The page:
When we receive the Holy Spirit, we receive life itself from the ascended Lord. The baptism of the Spirit isn’t what changes us; it’s the power of the ascended Christ coming into our lives through the Spirit. Too often we separate what the New Testament never separates. The baptism of the Holy Spirit isn’t something we experience separately from Jesus Christ; it’s the evidence of the ascended Christ coming to dwell within us.

Are you still waiting to receive the Spirit? If you are, it isn’t because of God. In Luke 24, the disciples are told to wait in Jerusalem to receive the Spirit—to be “clothed with power from on high”—but there is a specific reason why they must wait: “The Spirit had not been given, since Jesus had not yet been glorified” (John 7:39). As soon as our Lord was glorified, what happened? “Exalted to the right hand of God, he has received from the Father the promised Holy Spirit and has poured out what you now see and hear” (Acts 2:33).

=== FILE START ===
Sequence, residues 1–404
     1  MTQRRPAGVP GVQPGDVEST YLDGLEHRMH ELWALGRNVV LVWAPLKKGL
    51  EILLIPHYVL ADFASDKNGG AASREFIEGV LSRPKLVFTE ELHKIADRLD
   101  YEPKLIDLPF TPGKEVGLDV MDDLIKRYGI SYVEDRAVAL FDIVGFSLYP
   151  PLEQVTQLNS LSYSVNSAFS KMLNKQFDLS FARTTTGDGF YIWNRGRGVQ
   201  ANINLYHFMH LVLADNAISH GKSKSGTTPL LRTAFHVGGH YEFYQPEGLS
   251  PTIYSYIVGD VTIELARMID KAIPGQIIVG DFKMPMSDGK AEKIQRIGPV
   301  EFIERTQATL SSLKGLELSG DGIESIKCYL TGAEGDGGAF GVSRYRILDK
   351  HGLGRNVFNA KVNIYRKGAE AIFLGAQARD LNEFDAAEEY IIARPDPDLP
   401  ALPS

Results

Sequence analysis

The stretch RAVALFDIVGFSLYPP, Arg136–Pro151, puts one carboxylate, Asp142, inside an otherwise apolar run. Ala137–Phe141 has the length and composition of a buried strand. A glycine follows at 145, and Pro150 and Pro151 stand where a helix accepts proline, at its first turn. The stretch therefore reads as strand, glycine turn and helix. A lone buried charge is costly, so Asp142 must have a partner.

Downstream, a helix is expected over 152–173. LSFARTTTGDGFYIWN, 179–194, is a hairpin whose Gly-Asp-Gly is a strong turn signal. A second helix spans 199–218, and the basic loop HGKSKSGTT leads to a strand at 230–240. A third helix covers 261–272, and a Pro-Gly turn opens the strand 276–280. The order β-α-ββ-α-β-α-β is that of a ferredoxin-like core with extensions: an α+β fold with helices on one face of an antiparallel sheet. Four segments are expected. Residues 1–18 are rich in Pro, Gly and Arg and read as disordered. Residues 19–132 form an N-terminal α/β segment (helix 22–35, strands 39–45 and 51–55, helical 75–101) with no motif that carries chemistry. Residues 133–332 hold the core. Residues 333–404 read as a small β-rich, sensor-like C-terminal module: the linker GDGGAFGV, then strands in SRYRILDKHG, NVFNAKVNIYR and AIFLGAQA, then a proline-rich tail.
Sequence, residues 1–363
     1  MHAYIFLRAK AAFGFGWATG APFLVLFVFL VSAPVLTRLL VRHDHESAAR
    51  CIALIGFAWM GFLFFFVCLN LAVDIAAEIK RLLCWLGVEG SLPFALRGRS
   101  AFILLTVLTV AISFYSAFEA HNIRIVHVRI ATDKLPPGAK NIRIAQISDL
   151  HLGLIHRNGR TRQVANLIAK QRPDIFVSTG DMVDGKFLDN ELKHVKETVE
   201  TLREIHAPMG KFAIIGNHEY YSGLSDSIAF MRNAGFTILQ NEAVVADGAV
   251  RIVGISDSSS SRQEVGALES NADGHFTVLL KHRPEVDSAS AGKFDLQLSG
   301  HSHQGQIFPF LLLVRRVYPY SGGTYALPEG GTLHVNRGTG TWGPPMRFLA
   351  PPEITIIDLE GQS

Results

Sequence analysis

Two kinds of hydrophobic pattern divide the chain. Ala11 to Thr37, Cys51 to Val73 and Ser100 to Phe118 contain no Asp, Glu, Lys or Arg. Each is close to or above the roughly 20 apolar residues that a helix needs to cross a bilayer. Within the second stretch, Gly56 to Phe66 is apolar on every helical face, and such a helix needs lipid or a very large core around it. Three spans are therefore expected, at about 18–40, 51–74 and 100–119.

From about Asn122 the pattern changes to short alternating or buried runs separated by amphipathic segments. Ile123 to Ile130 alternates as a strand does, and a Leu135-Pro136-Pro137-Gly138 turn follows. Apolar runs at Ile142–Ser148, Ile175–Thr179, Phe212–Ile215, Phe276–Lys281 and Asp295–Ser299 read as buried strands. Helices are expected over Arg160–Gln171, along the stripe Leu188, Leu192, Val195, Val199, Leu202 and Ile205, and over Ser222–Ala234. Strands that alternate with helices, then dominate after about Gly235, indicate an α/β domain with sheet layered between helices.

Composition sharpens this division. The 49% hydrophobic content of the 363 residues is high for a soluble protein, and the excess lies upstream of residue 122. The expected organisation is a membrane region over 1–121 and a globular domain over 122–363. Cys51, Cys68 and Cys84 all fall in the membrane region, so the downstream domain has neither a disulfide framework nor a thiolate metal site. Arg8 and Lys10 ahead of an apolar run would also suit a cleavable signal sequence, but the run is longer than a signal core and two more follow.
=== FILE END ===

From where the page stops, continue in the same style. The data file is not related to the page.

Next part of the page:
We have to embrace the revelation that the Holy Spirit is here, now, among us. After our Lord was glorified, the Spirit came into this world, and he has been with us ever since. This means that, unlike the disciples, we do not have to wait. If you haven’t yet received the Spirit, it isn’t because God is holding the Spirit back from you; it’s because of your lack of fitness. Openness to the Holy Spirit is the maintained attitude of the believer.

If you are still waiting for the Spirit, consider what you’re denying yourself. The baptism of the Holy Spirit isn’t for time or eternity; it is one amazing, glorious now. “Now this is eternal life: that they know you, the only true God, and Jesus Christ, whom you have sent” (John 17:3). Begin to know him now, and never stop.

Wisdom from Oswald

We begin our Christian life by believing what we are told to believe, then we have to go on to so assimilate our beliefs that they work out in a way that redounds to the glory of God. The danger is in multiplying the acceptation of beliefs we do not make our own. Conformed to His Image, 381 L